"
– Nina Vasan and Jennifer Przybylo
authors of Do Good Well

What they are saying...

"Consider the college campus as a leadership laboratory—a place where students have multiple opportunities to practice their leadership skills and explore and develop their leadership identity.
"
– Marcy Levy Shankman
Cleveland Leadership Center

What they are saying...

"I am so passionate about leadership and making a difference and I truly, honestly, wholeheartedly believe in The Student Leadership Challenge model. It is complete, yet simple enough, for all to understand. SO very excited to share this model with others, both on-campus and in the community.
"
– Suzanne Von Behren, RN, BSN, University Wellness Services
Northwest Missouri State

What they are saying...

"I feel that a program like this could really work in helping to eventually change our culture within our schools, homes, and businesses. Although I am not a supervisor, I plan to implement the model fully in our office and look forward to sharing it with coworkers. I love The Student Leadership Challenge model and am so excited!
"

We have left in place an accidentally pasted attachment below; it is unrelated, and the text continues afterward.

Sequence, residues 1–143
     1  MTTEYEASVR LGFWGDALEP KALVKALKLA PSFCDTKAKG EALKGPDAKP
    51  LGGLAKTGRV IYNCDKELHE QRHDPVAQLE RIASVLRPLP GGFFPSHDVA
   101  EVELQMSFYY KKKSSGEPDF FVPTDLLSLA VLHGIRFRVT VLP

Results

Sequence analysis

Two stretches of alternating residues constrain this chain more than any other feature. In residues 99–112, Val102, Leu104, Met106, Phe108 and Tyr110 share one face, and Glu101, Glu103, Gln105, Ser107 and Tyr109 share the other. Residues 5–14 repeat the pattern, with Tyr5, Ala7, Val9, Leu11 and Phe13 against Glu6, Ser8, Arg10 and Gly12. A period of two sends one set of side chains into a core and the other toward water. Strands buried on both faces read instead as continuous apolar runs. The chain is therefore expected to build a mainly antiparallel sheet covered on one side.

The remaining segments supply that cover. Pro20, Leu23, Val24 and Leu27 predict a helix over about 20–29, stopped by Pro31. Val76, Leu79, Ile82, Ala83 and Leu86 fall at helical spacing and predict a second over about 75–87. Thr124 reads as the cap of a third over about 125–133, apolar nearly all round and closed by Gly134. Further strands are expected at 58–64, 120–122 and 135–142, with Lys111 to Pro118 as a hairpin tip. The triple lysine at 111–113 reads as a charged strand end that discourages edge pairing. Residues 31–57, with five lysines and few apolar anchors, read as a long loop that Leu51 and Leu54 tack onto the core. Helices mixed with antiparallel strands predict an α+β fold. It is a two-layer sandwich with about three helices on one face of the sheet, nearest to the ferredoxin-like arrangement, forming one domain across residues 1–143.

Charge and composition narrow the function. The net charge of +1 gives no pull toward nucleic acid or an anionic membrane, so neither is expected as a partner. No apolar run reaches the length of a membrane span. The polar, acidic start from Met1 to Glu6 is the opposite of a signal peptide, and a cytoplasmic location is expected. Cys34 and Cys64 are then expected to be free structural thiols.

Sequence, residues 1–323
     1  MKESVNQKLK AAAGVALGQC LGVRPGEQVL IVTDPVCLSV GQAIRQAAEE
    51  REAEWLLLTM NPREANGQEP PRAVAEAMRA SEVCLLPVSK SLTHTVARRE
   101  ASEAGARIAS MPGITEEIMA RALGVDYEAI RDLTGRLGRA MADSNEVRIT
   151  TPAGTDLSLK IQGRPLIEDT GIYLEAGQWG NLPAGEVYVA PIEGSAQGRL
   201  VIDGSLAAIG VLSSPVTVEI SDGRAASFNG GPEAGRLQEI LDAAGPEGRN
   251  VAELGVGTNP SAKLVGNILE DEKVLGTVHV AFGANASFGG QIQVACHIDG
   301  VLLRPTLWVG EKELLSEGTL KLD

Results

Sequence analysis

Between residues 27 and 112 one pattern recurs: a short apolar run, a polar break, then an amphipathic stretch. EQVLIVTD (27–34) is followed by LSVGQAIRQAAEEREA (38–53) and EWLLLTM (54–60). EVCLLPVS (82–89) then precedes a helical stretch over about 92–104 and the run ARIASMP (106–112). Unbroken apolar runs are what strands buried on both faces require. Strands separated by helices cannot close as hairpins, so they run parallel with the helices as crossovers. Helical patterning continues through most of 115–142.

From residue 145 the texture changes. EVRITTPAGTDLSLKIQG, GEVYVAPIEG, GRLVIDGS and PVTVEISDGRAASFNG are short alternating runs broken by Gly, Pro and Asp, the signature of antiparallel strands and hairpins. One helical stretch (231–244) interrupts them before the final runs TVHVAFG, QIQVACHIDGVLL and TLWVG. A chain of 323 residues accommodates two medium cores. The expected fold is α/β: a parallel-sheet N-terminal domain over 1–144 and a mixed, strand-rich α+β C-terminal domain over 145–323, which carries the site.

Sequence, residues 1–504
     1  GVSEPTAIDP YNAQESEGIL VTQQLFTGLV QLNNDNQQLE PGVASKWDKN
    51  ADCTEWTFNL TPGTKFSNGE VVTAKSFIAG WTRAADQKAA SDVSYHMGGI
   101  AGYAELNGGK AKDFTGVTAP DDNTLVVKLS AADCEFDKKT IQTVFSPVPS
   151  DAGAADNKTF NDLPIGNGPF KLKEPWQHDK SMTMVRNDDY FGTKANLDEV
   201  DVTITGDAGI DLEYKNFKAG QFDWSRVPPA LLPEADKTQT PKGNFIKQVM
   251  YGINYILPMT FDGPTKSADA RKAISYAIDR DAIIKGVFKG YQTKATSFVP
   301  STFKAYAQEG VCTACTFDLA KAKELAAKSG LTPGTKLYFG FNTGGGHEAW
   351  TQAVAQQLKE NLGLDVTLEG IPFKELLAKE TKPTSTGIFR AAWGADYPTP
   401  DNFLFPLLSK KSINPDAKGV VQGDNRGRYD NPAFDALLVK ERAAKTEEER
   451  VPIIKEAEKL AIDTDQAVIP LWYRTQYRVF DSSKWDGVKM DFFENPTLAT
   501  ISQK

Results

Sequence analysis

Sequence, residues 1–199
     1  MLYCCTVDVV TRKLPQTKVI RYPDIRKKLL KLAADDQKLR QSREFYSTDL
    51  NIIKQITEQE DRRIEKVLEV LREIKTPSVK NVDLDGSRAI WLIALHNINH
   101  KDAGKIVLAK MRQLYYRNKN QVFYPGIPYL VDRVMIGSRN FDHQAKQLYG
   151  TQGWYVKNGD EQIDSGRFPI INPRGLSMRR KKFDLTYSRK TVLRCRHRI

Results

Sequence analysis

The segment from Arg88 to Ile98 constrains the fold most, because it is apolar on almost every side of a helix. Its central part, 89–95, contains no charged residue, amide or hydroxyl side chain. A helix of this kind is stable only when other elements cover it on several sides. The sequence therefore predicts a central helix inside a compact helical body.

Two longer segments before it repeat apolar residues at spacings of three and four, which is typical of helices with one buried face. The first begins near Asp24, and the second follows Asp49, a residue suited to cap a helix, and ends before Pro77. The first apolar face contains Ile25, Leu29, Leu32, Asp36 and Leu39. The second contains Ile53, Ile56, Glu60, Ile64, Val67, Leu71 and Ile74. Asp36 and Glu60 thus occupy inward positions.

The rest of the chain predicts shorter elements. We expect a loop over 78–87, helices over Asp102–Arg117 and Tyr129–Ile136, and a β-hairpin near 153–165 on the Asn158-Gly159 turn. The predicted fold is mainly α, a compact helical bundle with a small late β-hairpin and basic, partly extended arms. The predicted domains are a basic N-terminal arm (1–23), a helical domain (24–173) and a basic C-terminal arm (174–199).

– Suzanne Von Behren, RN, BSN, University Wellness Services
Northwest Missouri State

What they are saying...

"The Student Leadership Challenge is one of the most robust teaching and learning opportunities we have as educators. The Five Practices are identifiable and learnable skills allowing an individual to improve by receiving feedback and observation and by setting goals.
"
– Jason R. Pierce, director of education
Alpha Kappa Psi Professional Business Fraternity

What they are saying...

"And so again [leadership development] becomes foundational, it becomes a foundational understanding of living your values, of challenging the process to make things better, enabling others to act. It’s not just delegating, it’s about giving people the passion and the power to it themselves.
"
– Matt Baker, Vice President of Student Affairs
Northwest Missouri State University

What they are saying...

"Within the academy, we are constantly seeking additional tools to assist us in teaching the valuable lesson of leadership development for students. The Student Leadership Challenge is an excellent resource to assist in the important goal of helping students to become better leaders and, ultimately, stellar citizens in the communities of the world.
"
– Victor K Wilson, vice president for student affairs
The University of Geogia

What they are saying...

"Student leadership challenges are quite similar to adult challenges, and yet they differ as wel­­l– in scale and in the power of peer perspective. Kouzes and Posner have constructed a wide and sturdy bridge across these worlds. My college students will find relevant lessons and great inspiration in the diverse and compelling stories that are retold. We’d have a lot less adult leadership problems if more teachers and students used this great book.